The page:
Writers should never fall in love with their own words, because the pleasure in capturing exactly what you wanted to say can disappear faster than a jerky treat in front of a Lab.
I was reminded of this when my client called with the bad news that Big Executive wanted a (last-minute) rewrite of a story I had done related to customer satisfaction.
Now, every company is concerned about keeping customers happy, but it can be difficult getting employees to read about the latest program. You also don’t want to talk about problems you’ve had in case potential customers see it and worry you can’t be trusted.
But people are human and things happen. So I used what I thought was an engaging, human-type lead:
“[Big Company] is rewriting Murphy’s Law — you know, that one that claims ‘whatever can go wrong, will go wrong.'”
The line made it past the person in charge of the customer satisfaction program being launched, her VP, the CEO and several others. However, another Big Executive decided it was inappropriate. He threw accusations of “airing dirty laundry” and “doesn’t look like we do anything” and “looks like we haven’t been working on this long.” My contact defended the article as clearly not being guilty as charged, but was overruled. I rewrote the intro this morning.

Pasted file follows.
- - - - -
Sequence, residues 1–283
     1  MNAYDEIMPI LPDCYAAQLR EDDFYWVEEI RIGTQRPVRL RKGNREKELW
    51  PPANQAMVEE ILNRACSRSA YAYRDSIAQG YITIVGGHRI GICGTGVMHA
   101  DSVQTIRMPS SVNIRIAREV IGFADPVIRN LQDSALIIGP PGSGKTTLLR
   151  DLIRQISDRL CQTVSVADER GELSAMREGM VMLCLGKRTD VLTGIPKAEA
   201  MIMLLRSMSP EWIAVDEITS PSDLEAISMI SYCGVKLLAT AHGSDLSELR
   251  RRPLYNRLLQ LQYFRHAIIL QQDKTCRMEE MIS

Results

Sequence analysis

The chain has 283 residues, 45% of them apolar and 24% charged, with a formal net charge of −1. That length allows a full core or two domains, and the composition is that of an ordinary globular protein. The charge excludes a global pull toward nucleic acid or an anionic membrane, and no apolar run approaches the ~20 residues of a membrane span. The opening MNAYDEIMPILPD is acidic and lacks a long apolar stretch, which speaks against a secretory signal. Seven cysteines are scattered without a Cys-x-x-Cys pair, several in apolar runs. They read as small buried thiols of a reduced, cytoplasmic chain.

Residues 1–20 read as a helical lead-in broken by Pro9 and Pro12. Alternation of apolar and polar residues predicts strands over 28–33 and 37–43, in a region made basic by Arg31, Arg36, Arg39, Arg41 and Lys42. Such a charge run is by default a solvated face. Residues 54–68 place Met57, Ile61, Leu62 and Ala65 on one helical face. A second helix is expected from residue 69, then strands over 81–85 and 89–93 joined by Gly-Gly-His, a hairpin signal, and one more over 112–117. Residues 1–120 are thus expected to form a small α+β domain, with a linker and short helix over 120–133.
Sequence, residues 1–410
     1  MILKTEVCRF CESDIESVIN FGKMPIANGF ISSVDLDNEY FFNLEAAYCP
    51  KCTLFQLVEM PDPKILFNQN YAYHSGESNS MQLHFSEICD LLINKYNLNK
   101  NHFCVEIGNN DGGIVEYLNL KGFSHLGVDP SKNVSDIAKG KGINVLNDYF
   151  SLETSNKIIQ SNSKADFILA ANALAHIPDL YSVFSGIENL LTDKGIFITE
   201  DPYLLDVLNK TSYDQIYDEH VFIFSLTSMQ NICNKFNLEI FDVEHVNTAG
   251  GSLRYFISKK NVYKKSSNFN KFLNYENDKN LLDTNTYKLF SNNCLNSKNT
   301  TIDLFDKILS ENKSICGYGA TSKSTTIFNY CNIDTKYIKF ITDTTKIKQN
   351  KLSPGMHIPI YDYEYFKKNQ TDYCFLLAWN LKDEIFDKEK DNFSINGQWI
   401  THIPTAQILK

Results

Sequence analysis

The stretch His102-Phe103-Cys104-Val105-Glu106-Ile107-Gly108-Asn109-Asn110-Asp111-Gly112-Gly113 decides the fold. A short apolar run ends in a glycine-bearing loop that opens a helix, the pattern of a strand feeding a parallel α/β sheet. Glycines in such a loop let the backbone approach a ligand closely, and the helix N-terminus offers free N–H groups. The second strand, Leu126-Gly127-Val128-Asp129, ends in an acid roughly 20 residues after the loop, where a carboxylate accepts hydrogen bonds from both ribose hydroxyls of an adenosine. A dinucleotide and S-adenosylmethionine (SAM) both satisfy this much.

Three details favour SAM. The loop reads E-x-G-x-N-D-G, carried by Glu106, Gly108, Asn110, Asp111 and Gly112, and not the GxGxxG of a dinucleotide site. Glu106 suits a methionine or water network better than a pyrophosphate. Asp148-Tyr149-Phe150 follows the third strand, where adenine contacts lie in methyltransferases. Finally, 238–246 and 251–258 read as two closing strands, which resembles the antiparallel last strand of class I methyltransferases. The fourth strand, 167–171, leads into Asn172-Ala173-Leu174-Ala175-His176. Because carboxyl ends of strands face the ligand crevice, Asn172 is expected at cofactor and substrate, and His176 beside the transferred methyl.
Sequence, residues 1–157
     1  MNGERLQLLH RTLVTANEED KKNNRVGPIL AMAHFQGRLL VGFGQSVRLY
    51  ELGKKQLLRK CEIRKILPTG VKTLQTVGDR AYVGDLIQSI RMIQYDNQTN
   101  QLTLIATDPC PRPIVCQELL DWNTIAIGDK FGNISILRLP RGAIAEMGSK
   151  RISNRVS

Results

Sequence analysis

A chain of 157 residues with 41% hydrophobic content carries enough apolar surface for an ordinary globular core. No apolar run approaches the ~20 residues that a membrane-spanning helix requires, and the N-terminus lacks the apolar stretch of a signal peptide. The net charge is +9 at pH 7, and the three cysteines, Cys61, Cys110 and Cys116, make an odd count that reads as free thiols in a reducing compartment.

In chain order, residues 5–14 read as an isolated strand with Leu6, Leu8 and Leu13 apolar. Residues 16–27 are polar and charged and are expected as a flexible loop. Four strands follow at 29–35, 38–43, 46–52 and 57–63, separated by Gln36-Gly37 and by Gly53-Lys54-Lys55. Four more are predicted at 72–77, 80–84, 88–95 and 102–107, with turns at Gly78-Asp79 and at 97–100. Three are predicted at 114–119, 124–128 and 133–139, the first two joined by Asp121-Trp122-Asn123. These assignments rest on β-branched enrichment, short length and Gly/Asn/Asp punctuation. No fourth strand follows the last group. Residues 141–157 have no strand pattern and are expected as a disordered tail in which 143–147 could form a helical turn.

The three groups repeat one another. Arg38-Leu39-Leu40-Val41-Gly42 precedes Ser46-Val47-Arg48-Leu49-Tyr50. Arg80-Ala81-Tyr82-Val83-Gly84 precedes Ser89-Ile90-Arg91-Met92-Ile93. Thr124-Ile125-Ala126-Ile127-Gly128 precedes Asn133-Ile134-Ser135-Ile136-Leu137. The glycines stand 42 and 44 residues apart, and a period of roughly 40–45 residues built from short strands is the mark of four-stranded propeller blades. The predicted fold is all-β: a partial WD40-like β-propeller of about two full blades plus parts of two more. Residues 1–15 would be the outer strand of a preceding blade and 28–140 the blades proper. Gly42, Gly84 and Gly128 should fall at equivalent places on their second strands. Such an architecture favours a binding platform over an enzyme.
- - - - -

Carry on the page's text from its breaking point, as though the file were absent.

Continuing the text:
I would love to do a comparison with Big Company’s employees and say, “which one of these first sentences would encourage you to read more of the article? ” It could be that neither one of them would get more than a yawn, but I’d put my money on Murphy’s at least by a nose.